• Icon for: Zach Mbasu

    Zach Mbasu

    Informal Educator
    May 13, 2021 | 01:32 a.m.

    Very nice project and I appreciate what your team is doing! I like the fact that with the enhanced curriculum, you are going beyond dissemination of computational thinking content to building in mechanisms to gather data on the learners’ performance, adapting their design accordingly and informing teachers in real time. Have you tried measuring students’ learning through the games/activities and to what extent has the platform demonstrated it can meaningfully improve computational thinking skills?

  • Icon for: Hannah Smith

    Hannah Smith

    Co-Presenter
    Ph.D. Candidate
    May 14, 2021 | 06:38 a.m.

    Hi Zach! Thanks for your comment. Here is a journal article we have written on a professional development program we ran based on this project where we showed students made significant learning gains in math content after playing games. https://citejournal.org/volume-20/issue-4-20/mathematics/developing-mathematics-knowledge-and-computational-thinking-through-game-play-and-design-a-professional-development-program/ . We are still working on defining CT and coming up with a solid foundation and way to measure it, but recently ran a pilot study to collect data on our first version of a way to measure CT growth and are excited to look into that data.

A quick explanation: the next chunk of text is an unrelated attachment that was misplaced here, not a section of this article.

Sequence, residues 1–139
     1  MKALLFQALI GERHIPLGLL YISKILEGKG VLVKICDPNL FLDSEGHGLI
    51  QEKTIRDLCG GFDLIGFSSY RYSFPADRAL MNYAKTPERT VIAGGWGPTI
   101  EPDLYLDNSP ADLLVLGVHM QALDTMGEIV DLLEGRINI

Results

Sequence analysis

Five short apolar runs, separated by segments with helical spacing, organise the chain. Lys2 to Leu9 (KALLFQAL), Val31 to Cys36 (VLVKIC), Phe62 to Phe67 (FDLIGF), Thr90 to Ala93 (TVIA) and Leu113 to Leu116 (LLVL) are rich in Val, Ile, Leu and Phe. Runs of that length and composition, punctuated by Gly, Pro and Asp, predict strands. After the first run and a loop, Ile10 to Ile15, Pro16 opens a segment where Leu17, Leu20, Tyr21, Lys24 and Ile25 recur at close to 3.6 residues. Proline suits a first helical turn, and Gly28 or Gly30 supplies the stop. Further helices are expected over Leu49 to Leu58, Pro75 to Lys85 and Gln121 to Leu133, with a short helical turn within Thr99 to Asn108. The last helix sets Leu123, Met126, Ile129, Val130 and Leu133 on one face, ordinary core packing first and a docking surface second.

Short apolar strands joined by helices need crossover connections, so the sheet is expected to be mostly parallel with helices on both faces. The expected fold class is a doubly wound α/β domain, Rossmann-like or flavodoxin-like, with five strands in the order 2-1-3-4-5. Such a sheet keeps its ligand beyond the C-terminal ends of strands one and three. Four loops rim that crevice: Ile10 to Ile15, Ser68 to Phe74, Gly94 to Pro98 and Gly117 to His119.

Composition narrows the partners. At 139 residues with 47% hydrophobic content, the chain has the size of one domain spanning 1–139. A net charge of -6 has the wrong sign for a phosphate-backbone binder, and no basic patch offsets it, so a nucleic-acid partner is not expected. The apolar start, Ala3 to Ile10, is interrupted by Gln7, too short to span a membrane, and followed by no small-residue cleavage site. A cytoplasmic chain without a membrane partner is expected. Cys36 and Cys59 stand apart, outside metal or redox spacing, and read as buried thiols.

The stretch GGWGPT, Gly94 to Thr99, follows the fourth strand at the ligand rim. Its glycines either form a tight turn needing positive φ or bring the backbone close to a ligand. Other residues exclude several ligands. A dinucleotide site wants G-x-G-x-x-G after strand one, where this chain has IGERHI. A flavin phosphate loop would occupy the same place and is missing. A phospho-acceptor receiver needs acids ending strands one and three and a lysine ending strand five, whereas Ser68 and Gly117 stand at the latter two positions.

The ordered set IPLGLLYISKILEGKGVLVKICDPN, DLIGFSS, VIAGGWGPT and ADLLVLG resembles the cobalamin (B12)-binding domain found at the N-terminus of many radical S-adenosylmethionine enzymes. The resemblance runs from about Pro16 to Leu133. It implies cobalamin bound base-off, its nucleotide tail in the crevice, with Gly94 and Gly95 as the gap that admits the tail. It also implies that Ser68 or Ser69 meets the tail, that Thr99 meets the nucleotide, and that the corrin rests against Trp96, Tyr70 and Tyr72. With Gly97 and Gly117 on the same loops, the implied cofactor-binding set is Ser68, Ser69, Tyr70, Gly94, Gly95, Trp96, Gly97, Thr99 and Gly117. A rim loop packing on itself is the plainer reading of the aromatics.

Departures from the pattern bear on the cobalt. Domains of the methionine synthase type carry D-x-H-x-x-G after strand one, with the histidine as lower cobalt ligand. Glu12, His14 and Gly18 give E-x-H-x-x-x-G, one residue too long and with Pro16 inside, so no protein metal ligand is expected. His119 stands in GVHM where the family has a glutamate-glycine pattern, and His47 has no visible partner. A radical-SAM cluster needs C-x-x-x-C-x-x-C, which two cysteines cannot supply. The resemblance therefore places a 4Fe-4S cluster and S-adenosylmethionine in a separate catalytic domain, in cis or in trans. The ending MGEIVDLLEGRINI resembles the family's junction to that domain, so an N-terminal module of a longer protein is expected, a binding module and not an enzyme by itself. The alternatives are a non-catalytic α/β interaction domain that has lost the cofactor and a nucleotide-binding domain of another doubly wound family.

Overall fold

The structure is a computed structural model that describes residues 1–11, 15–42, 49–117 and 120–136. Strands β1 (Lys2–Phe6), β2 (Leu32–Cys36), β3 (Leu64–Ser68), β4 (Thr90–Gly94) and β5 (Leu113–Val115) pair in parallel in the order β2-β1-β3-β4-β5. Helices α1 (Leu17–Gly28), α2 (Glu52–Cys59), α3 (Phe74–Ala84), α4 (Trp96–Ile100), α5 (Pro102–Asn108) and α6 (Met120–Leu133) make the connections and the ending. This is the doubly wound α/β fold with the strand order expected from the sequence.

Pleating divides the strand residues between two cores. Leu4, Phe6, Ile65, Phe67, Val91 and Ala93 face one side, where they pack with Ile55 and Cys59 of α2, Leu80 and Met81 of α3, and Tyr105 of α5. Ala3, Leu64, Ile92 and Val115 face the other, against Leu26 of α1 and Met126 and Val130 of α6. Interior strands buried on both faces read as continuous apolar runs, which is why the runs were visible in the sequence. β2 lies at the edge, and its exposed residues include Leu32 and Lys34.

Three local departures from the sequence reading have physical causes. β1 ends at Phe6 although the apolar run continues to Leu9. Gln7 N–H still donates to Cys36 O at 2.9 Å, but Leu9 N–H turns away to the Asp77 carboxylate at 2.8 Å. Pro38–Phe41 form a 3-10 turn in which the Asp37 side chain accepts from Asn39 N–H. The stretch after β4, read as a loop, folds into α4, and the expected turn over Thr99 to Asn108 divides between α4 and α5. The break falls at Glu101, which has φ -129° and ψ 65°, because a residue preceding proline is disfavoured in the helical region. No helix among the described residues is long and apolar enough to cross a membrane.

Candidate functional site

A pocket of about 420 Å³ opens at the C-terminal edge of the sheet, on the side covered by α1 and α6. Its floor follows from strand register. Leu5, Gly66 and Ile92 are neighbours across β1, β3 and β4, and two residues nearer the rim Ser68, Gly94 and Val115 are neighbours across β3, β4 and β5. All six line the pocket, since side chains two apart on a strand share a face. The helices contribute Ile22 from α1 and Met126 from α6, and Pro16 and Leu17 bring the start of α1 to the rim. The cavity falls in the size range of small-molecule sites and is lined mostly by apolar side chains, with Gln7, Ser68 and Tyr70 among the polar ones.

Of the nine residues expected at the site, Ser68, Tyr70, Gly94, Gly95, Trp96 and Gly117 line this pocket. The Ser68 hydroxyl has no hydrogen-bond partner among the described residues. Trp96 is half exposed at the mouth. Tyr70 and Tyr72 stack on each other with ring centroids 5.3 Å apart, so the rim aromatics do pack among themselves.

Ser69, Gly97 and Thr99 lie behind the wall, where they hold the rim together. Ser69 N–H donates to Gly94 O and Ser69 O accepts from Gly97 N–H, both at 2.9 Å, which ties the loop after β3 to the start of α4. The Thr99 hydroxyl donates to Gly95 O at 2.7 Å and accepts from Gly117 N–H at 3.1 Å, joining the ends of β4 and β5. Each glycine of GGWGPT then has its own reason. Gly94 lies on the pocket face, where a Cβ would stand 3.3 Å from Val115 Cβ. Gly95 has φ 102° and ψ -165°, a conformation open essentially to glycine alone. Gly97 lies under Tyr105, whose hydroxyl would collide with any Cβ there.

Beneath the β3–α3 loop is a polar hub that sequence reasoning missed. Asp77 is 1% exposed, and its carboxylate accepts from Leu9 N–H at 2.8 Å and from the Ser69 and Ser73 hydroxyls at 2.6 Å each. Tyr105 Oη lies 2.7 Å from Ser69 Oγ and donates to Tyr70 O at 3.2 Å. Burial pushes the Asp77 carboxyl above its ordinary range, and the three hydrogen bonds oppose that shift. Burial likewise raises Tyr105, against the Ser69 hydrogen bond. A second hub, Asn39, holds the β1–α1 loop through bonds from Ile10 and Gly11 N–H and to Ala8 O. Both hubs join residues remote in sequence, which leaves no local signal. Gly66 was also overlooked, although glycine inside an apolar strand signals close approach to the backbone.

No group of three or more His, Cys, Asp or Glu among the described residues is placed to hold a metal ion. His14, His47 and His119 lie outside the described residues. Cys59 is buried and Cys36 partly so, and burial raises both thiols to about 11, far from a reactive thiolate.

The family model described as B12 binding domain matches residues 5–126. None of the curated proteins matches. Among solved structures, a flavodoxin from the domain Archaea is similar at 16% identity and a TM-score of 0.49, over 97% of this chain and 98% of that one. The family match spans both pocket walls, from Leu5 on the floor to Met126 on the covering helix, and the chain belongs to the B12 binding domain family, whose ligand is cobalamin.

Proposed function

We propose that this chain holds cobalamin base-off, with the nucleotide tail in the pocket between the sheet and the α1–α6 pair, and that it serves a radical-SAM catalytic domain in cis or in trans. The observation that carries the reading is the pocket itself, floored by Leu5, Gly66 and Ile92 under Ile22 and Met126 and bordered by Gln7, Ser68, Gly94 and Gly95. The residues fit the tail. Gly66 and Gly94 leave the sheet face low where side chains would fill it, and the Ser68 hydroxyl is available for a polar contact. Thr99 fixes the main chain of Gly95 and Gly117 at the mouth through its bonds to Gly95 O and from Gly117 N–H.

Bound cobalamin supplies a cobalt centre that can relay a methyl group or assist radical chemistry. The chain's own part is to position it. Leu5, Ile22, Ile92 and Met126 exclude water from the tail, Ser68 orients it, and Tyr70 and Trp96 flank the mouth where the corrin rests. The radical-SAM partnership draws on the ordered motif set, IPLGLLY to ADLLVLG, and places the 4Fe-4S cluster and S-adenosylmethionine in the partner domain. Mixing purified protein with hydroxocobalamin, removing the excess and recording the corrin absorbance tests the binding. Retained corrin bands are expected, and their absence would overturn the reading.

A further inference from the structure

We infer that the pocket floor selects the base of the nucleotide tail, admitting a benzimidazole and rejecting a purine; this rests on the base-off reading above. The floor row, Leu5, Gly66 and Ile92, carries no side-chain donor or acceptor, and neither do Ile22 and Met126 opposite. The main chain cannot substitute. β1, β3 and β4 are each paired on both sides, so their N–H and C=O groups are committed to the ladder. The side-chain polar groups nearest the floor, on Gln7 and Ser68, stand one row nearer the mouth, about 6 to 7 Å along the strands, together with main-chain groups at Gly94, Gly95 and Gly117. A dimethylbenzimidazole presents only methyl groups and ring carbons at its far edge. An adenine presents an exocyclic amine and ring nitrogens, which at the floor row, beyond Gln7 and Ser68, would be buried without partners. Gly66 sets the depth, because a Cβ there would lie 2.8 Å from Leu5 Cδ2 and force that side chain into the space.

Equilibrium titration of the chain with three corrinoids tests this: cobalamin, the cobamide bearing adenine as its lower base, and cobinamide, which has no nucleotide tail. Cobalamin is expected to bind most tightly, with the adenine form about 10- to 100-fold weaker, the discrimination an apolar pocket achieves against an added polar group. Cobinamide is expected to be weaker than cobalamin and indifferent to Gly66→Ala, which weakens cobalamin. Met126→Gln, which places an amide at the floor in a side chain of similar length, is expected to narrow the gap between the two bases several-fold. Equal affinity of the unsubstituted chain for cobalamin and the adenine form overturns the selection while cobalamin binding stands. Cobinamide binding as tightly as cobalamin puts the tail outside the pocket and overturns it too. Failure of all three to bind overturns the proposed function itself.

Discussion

• Icon for: Jeremy Roschelle

    Jeremy Roschelle

    Facilitator
    Executive Director, Learning Sciences
    May 13, 2021 | 11:49 a.m.

    Nice video! I'd like to go deeper: Can you share one specific concept that students learn with your platform? What have you discovered that enables students to go from not understanding to understanding that concept? And see you at the upcoming (virtual) September Cyberlearning meeting, I hope! 

  • Icon for: IVON ARROYO

    IVON ARROYO

    Lead Presenter
    Associate Professor
    May 14, 2021 | 01:51 p.m.

    Hi Jeremy!

    Thanks for seeing our video and your interest in the WLCP project!

    We first know that students improve in their math problem solving ability from before to after they play these games. This was an AERA article this year we presented.

    Regarding Computational Thinking, we have given students pre and posttests of 'finite state machines' problems in the past (one item about interpreting, one about modifying and one about creating a new one), and we know that (middle-high school students)  improved in that.